passing as east indian

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passing as east indian - PROCESS OF CHANGING ODE'S RACE. Drnvea of...
PROCESS OF CHANGING ODE'S RACE. Drnvea of Afro-Americana Afro-Americana Afro-Americana Driven "Acrona the Llae" Every Tear by Prcaaure of 1'rejudlc Iluiuoroua and Dlaagreenble Aapecta of Ihe Tranalatlon "ICant Indian" a Mod la southern While Society. Mrs. Mary Church Terrell In the Chicago Sunday Tribune. At first blush it would seem that a camel with a hump could literally pass through a cambric needle's eye easier than an individual tainted with even a drop of the fatal African tincture could pahu himself off aa a bona fide white man in the United States. And yet colored people are doing this thing in droves every year. It requires neither voluminous voluminous .knowledge nor great profundity to comprehend why some colored people are tempted to pursue such a questionable course. Let us take a colored man, for instance, instance, who is fairly well educated and la ambitious to moke his way in the world. There are comparatively few trades open to colored people. These are generally overcrowded, which means poor pay. The officials of the labor organizations are not lying wake nights devising ways and means of adding Negro workmen to their ranks, to say the least. Our colored friend determines to be honorable, whatever, whatever, ho does. Several times he has on-swored on-swored on-swored advertisements and has been virtually virtually employed. After the matter of wages aud duties has been settled be ha stated frankly that be is colored. Then bis services were quietly but quickly dispensed dispensed with. For a long time he knocks first at one door and then another, which he discovers can be opened only by a white man's hand. He becomes discouraged. discouraged. - "What a curse it is to be a Negro in this country." he mutters. Suddenly be looks' into the mirror. He has a fair skin and straight hair. Something asserts asserts itself. There are those who say it is his white blood. "What's the use of trying to row against the tide?" he asks himself. "Nobody but a giant can accomplish accomplish the impossible, and I em not a giant.1 The long, lingering look in the mirror occurred, let us say, Tuesday evening at 8 o'clock. Wednesday morning, at precisely the same hour, he is a white man, made so by virtue of last night's decision and nature's gifts. He isolates himself completely. Ho scrapes up acquaintances acquaintances with nice people, who do not-suspect not-suspect not-suspect he has the fatal drop. Finally, he gets a job which pays him well and which it would be possible for him neither to have nor to hold if his employer knew the truth. Nonsense, says one. If an employer secures the services of a competent competent man he is not going to stand, in his own light by casting him adrift simply simply because he is slightly connected with the Negro race. But the facts are against such a supposition. I am personally acqnointed with three colored women, two of tbem young and one middle aged, who are all competent and beautiful, and who were discharged from excellent positions simply because the employer discovered that they were colored. Curiously enough, two secured positions positions in department store l in the cities ir which they were living at the time. Knch one lived with her own family and asso ciated with her colored friends, though the latter did not make themselves especially especially conspicuous at the respective stores in which the colored clerks were employed. The middle aged woman was at the head of the cloak department in a large store in New York city. She held this responsible position for several years before the secret leaked out. When it percolated percolated to her employer she was promptly promptly discharged. This woman is ns beautiful is a picture, and looks like a Madonna. One of the young women went first to New York to win her spurs. Armed with n most complimentary recommendation recommendation from the large firm which employed her in New York, she came to her home in Washington to seek a similar position. The proprietor of a large establishment in the capital of the Nation was only to glad to secure the services of so competent a young woman, and she, too. was placed in the cloak department. She was suddenly discharged one day. At her request 1 went to intercede with the proprietor in her behalf. He was perfectly perfectly honest and frank about the matter.' He admitted without hesitation that she was one of the best saleswomen in the store. He regretted deeply, he said, tha.t he had been obliged to discharge her. "But are you not master of your own store?" I ventured to inquire. "There was no other course to pursue," he insisted. insisted. "For a long time," said he, "the salesgirls complained because I had placed a 'nigger' in the. store. I denied that she was colored at first. I did not know she was myself, until I had investigated investigated the matter. They themselves brought me indisputable proof of the fact. 'Well, if you don't care to work In the store with Miss Jones,' said I, "you may leave.' Then they told my customers about it. Delegation after delegation of white women came down to protest against my employing a 'nigger saleswoman saleswoman in the store. They threatened to boycott me, and made things so hot for me that I was forced to dismiss Miss Jone in self-defense. self-defense. self-defense. Now. if my busi ness had been in New York, I should have kept her anyhow." But I thought of the fate of the beautiful ond competent competent forewoman who hnd been discharged in the New York department store because because she was remotely connected with the despised race. The last of the three cases which came under my observation wag similar to the first two. A young colored woman in Washington, who did not show the slightest slightest trace of her African ancestry, was made forewoman in a fashionable tailor establishment for ladies. -Her -Her employer discharged her. also, when he learned that the fatal dron was coursing somewhere in her veins. Perhaps no one of these colored colored women woqld have received her walking papers if the employer had been unable to fill her place. But it is difficult difficult to find a trade or a vocation in which the workmen are so few that a place cannot be satisfactory filled. These cases will fhow whv some colored people are tempted to become white. Even though there is absolute certainty that the chances of success are greater for a colored person who forswears his race than for the same individual if he remains loyal to it. the vast majority do not. yield to the temptation of passinir for white. No better proof of this could be cited than the case of n yonng woman with whom T am personally acquainted. She is the daughter of one of the most courageous and prominent colored men whom this country has nroduced. Though she is not ns fair as n lily, she might easily easily pn for white, if tdie cliooi'e to do so. She hs an ei-qnisife ei-qnisife ei-qnisife complexion, modeled after the Spanish or French. Her hair and eyes are ns black ns midnight. midnight. She has n suncrh musical education. education. She married a voting nhysician. who can also pass for while. They went to an Knstem citv. wliere the doctor has A large and lucrative nraetice. He" decided decided that he would fhnke off the body of the dusky death, so to speak, and cast his lot with the dominant race. When I I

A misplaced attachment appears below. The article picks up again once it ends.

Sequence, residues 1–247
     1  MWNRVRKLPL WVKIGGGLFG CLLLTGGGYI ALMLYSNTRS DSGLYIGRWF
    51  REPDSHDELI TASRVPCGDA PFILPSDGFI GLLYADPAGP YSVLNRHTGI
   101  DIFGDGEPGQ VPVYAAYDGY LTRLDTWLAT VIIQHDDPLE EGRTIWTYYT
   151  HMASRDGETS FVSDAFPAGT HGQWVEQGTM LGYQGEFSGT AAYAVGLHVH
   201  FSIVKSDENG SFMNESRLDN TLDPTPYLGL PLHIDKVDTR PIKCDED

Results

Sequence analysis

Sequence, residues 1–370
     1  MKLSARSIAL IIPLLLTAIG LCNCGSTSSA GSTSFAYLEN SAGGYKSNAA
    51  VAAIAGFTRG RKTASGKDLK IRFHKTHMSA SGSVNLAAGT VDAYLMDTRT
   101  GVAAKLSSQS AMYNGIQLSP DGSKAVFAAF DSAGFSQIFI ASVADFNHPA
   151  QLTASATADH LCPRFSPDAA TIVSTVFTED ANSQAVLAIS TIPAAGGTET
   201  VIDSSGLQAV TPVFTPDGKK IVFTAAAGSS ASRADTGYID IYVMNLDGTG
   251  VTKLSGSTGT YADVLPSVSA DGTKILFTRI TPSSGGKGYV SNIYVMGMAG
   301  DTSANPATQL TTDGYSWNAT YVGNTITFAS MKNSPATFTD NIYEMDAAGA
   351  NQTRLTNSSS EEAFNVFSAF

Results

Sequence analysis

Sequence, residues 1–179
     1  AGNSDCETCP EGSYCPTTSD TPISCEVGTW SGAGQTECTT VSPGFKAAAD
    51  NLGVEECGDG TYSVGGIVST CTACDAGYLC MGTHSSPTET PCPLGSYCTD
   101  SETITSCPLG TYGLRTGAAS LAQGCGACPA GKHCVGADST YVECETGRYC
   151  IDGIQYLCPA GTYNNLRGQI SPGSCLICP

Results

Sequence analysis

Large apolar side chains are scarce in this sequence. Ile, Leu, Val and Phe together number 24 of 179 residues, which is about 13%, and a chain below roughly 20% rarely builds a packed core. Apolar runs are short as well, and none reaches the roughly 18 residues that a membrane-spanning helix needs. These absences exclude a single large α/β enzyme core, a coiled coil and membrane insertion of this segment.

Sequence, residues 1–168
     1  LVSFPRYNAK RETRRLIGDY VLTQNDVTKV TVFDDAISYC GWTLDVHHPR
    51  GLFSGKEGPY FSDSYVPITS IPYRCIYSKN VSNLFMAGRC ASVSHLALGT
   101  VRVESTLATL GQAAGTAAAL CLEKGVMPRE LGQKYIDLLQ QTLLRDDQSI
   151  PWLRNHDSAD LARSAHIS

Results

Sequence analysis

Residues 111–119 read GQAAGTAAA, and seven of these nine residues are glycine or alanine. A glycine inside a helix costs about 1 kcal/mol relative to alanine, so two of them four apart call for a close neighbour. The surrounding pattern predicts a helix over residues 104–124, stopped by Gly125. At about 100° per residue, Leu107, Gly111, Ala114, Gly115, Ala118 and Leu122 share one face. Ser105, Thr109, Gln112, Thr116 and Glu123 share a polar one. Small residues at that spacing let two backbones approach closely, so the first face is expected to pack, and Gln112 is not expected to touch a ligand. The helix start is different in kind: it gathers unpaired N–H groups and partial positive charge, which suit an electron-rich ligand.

Clipped from The New York Age23 Nov 1905, ThuPage 2

The New York Age (New York, New York)23 Nov 1905, ThuPage 2